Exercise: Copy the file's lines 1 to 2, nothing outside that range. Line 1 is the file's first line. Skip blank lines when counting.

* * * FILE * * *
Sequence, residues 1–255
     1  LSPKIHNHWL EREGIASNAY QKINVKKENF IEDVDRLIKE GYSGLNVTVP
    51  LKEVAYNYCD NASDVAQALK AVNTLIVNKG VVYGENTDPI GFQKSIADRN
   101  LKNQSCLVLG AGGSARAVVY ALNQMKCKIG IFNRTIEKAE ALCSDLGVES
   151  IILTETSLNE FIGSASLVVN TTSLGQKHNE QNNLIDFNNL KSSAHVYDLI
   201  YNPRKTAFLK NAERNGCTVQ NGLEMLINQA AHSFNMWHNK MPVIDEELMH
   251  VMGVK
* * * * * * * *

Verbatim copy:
Sequence, residues 1–255
     1  LSPKIHNHWL EREGIASNAY QKINVKKENF IEDVDRLIKE GYSGLNVTVP